Young with heart: Zebra Coalition’s Youth Council act as ambassadors for LGBT equality

By : Ciara Varone
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Orlando – The Zebra House has always been a safe space that takes in LGBT youth, but now the Zebra Coalition is reaching outward, into the community, with a Zebra Youth Council.

Nine young people, ages 17 to 24, have been serving on the council since this past summer. In addition to their role as ambassadors for the LGBT youth community, the council members are tasked with helping Zebra Coalition to better understand the young people it serves. The Coalition is a network of Central Florida social service providers, government agencies, schools, and colleges and universities that provide a full continuum of services to at-risk LGBT+ youth.

Heather Wilkie, director of Zebra Coalition, says the council formed after groups at Rollins College and the University of Central Florida contacted Zebra.

“The idea behind the youth council is that they serve as ambassadors for Zebra, so they can go back to their respective schools and become advocates in talking about raising awareness for the mission, which is to serve LGBTQ+ youth,” Wilkie says.

Shane Young, 17, was appointed as the council’s treasurer in August, but he’s not new to Zebra. Young, who is transgender, says he started using Zebra’s counseling services about three years ago.

“Without [Zebra], there aren’t any resources for the youth in the LGBT community. There’s the Center and there’s stuff like that, but it’s for 18 and up,” Young says. “A lot of places don’t have somewhere where you can go when you’re under 18. I don’t know what I would have done.”

The youth council meets weekly to plan events and activities. With the help of Zebra Coalition, members see their ideas come to fruition, and look into what can be improved for next time.

“You’re planning the things for other people to enjoy, so it’s nice,” Young says. “When we attend it, we can see the other people and how much they like it or if they don’t, we can ask them questions.”

Young recently planned an event for Transgender Day of Remembrance. He says he thinks the intimate, home-like setup of the Zebra center is an appealing setting for these events.

“We give you the option to walk away if you’re feeling too emotional, and sometimes you can’t do that everywhere,“ Young says.“This is more of a safe environment for people than being out in the open.”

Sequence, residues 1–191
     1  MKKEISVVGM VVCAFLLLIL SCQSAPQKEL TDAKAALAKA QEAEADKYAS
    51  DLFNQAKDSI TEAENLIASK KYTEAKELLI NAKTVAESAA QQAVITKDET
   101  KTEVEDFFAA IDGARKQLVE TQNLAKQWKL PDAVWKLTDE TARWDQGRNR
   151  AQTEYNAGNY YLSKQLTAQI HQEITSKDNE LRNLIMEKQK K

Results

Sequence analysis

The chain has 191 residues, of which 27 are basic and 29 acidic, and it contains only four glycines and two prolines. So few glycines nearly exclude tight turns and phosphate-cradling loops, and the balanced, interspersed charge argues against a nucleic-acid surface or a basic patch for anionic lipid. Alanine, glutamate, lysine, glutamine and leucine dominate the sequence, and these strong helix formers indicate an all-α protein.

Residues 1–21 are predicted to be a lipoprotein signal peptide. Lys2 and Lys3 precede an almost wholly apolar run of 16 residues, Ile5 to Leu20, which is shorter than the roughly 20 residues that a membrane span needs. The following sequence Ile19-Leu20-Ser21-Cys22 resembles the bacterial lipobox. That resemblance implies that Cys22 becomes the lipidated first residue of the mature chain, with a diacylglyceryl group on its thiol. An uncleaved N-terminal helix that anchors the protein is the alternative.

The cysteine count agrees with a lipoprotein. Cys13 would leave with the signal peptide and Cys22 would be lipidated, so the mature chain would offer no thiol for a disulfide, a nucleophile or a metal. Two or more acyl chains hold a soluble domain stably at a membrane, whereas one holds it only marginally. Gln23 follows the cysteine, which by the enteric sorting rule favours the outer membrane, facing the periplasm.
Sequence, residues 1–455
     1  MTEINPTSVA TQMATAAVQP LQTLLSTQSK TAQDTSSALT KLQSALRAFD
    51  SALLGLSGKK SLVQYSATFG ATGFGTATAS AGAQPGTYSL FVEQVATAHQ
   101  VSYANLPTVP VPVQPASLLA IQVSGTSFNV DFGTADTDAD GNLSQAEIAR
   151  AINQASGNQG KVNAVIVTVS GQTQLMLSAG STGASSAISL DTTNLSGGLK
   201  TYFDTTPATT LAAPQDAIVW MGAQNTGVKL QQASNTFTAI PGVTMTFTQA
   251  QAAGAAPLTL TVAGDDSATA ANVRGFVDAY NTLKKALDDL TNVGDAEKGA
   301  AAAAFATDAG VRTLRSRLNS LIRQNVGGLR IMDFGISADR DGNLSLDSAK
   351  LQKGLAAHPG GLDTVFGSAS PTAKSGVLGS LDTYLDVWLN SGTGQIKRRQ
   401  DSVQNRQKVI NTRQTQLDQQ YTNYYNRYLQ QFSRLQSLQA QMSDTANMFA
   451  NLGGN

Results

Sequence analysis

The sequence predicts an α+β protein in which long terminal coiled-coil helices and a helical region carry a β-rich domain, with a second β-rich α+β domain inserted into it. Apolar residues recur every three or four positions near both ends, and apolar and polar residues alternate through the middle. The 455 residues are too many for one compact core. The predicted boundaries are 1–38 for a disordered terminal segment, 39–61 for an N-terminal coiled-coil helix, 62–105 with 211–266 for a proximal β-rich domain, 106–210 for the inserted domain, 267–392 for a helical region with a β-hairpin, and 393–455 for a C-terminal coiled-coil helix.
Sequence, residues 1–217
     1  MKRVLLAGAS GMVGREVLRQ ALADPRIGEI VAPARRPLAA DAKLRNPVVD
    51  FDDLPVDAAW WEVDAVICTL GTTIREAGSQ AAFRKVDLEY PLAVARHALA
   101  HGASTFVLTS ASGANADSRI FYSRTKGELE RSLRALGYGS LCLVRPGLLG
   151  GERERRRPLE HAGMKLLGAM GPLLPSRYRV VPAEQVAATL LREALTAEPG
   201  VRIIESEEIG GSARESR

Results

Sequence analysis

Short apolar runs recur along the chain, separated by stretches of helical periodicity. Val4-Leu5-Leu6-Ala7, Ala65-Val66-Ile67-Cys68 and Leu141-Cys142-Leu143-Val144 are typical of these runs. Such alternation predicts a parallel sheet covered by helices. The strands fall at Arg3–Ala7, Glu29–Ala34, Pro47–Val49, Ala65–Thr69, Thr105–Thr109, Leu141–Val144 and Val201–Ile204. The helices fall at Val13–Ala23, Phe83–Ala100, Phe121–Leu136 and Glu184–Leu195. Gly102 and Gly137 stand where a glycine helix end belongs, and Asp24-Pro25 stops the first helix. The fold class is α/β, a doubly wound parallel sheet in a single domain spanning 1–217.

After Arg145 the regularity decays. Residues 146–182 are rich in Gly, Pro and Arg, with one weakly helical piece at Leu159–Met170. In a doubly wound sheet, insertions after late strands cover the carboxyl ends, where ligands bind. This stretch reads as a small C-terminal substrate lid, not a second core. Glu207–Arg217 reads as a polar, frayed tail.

Members Ana Suarez, Grace Zottig and Melanie De La Paz all consider themselves LGBTQ allies and all chose to volunteer at Zebra as part of the community outreach component for their Intro to SWAG (Sexuality, Women and Gender studies) class at Rollins College.

Suarez, 22, says she has always been fascinated by the way the LGBT community has been marginalized, and the psychological analysis and waiting period required for those seeking gender reassignment surgery is especially shocking.

“People are allowed to change the shape of their nose or, you know, alter themselves in drastic physical ways just for cosmetic reasons, and they don’t have to go through any sort of evaluation,” Suarez says. “But someone who know that inside they’re one way or another, they’re not allowed to make that choice.”

Suarez was recently appointed social media ambassador for the council.

“We need youth to drive that,” Wilkie says. “[The council] helps us to be able to say, ‘Hey, this may be a way that we want to go in this direction, because the youth are interested in this.’”

Zottig, 20, noted the role the council plays in Zebra’s mission.

“It’s hard to say that anyone is going to love something unless you’re working directly with the people that you’re serving,” she says.“We work as a team to really figure out what events or what activities will be useful.”

Zottig recalls the bullying her friend endured in seventh grade, simply for being gay. These experiences help drive her work.

“I think if more people decided to put their checkbooks away and decided to come out and volunteer, whether it’s here or anywhere, a lot of our issues would, not necessarily disappear, but the people affected by them would see compassion and feel hopeful.” Suarez says.

18-year-old De La Paz notes that the council members are there for a reason.

“We might have completely different lives, go to different schools, but this is kind of what unites us,” she says. “We stay focused on that.”

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